Think you know your story's main character? You might not know as much as you think.
A great character is as complex as a living, breathing human being. That means she or he has an extensive galaxy of history, opinions, experiences, and feelings running through her—some of them might even contradict each other.
How to Get to Know Your Protagonist
How do you make sure your characters are multidimensional enough to jump off the page and connect with readers? These creative writing exercises can help you get there.
1. Go through her purse.
Charlaine Harris shared this great character-building writing exercises at last year's Thrillerfest, and it's a trick she uses to get to know her own new characters.
It's a good one. A purse is basically a woman's life in a bag. What they put in their purse—or even whether she carries one or not—says a lot about her.
For male characters who don't carry a purse, think about what's in their briefcase, backpack, or pockets.
2. Take your character out to lunch.
Invite your character out to lunch to get to know him or her better—as you might with a new coworker. Where would they want to go? What kind of food would they order? Is she comfortable with that introductory small talk? How can you tell?
The information the character gives you—from where they're from to what kind of music they like—is character-building gold. But don't stop there. What is her body language like? What does the character avoid talking about or prefer to keep private?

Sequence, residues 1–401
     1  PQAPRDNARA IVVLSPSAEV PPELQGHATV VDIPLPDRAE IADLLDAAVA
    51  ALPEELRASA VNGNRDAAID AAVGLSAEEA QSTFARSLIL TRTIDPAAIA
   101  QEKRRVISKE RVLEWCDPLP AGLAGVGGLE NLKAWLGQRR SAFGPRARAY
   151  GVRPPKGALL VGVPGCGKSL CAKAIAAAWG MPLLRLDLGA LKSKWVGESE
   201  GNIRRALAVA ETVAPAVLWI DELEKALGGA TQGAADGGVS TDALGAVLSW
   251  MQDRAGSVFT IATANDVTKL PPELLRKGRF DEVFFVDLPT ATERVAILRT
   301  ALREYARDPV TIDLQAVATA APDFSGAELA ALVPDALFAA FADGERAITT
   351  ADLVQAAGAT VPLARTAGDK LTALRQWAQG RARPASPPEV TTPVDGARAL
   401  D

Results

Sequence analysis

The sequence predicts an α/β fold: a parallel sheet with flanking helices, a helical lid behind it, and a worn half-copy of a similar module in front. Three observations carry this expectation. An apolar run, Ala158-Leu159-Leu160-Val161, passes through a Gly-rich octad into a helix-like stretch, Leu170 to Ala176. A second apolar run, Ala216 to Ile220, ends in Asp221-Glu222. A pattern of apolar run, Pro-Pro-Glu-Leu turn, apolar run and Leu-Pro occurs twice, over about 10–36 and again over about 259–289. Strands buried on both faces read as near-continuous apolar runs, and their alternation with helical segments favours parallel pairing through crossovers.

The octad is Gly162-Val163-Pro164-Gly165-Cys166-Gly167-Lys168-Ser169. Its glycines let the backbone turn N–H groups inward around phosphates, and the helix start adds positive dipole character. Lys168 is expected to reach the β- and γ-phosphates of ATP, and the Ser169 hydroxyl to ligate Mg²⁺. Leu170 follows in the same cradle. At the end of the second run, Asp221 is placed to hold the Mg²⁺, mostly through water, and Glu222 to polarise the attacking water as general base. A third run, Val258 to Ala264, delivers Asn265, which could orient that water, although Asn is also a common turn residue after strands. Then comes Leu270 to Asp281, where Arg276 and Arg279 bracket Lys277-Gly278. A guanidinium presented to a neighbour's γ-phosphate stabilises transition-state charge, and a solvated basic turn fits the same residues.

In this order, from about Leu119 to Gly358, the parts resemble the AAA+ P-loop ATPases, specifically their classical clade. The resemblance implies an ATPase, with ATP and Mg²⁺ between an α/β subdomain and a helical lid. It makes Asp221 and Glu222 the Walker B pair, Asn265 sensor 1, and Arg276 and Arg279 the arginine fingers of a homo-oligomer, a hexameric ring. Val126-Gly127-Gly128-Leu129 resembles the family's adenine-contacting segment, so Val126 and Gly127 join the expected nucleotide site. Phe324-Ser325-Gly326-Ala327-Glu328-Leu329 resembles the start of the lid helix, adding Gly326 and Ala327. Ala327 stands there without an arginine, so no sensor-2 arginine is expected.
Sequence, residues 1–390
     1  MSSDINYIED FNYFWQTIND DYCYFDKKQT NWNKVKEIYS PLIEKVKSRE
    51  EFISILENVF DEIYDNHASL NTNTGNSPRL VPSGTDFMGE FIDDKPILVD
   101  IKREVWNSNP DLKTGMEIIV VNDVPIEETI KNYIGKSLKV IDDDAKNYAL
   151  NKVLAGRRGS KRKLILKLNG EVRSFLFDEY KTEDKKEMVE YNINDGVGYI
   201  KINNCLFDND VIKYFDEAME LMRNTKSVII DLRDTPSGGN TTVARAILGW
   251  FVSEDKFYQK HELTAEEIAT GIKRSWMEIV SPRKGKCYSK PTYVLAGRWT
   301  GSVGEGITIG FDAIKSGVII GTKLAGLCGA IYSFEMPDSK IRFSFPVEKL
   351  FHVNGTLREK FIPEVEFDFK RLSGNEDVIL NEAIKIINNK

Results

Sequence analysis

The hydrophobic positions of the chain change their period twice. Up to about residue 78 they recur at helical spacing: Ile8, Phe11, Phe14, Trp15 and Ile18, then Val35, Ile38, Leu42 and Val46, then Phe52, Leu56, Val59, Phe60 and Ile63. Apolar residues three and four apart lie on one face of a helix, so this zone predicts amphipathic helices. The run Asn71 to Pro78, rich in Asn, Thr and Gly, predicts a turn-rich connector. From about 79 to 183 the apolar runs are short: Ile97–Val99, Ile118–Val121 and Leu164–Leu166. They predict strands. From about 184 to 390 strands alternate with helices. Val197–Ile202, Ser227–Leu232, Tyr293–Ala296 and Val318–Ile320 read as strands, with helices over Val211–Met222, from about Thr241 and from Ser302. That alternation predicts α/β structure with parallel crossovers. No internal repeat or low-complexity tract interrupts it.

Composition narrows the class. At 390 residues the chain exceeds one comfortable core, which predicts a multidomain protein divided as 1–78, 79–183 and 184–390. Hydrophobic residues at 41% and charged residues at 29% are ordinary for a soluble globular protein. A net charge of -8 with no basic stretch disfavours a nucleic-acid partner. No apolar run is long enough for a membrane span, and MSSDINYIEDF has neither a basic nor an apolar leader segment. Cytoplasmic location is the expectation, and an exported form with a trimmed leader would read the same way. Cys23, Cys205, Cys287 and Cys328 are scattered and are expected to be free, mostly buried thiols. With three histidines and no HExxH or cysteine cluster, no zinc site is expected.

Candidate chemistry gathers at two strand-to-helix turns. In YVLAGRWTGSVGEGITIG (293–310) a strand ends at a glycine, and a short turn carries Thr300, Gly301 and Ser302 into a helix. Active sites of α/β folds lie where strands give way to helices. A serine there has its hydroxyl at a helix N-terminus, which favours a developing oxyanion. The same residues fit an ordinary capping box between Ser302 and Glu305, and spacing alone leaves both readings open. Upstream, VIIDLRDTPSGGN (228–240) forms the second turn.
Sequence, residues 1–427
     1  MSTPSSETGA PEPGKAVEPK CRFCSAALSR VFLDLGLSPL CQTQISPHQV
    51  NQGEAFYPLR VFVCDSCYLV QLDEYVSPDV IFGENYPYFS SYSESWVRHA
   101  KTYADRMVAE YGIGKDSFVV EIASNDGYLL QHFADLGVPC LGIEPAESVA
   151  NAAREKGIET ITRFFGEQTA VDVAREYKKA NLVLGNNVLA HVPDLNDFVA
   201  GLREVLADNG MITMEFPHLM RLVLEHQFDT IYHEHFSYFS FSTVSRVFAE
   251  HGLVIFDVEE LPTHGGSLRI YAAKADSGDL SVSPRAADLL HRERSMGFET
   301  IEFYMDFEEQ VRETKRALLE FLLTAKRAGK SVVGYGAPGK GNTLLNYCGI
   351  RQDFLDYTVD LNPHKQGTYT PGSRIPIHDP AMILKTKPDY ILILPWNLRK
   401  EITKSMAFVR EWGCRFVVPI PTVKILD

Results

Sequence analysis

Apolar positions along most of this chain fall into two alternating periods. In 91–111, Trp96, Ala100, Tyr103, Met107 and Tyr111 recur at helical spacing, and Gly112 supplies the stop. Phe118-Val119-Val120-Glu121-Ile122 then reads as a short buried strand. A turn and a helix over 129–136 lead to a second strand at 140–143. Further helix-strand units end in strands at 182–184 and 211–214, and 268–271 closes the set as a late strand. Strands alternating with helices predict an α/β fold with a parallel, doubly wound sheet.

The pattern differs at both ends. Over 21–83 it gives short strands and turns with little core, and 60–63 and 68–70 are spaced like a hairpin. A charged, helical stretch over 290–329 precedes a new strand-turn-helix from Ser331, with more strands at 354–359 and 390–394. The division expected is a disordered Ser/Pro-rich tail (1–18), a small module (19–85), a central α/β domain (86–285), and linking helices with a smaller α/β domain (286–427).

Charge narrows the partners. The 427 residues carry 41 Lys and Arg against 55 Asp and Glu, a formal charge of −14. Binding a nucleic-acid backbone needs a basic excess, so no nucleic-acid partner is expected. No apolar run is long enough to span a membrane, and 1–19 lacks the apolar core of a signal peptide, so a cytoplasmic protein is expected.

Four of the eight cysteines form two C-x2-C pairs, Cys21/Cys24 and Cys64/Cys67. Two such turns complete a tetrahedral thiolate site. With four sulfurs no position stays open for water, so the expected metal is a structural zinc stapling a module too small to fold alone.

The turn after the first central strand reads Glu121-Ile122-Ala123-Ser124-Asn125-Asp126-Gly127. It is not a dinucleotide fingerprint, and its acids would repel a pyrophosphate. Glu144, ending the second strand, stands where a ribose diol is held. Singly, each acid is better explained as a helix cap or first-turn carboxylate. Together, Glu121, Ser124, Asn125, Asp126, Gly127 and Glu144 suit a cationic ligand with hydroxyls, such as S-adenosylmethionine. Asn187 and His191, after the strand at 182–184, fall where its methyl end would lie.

3. Complete a questionnaire.
There are a number of questionnaires out there to help you get to identify what you should know about your characters, and to discover that critical information. Some are even famously used by legendary writers like Proust.
If this method appeals to you, check out a few different approaches and find what works for your process.
4. Let your character shadow you for a day.
Bring your character along with you for a day, and try to look at your experiences through the filter of that character's perspective. Would your character make different choices? How does she feel about your commute, your job, or your friends?
Thinking like a character for a day can expose your character's thoughts and attitudes in a way that can be surprising. To get the most from this exercise, take the time to explore not just what your character feels, but also why she feels that way.
For great characters, dive deep
Character development is not a place to skimp. Well-rounded, multidimensional characters require a great amount of thought and time. Exercises like these can push you to get out of your typical thought patterns and learn even more about your characters.
How do you get to know your characters? Let us know in the comments section.
Pick one of the character exercises above and take it for a trial run. Write for fifteen minutes your thoughts and discoveries about your character as you go. Share your resulting character sketch in the comments!
By day, Emily Wenstrom, is the editor of short story website wordhaus, author social media coach, and freelance content marketing specialist. By early-early morning, she is E. J. Wenstrom, a sci-fi and fantasy author whose first novel Mud will release in March 2016.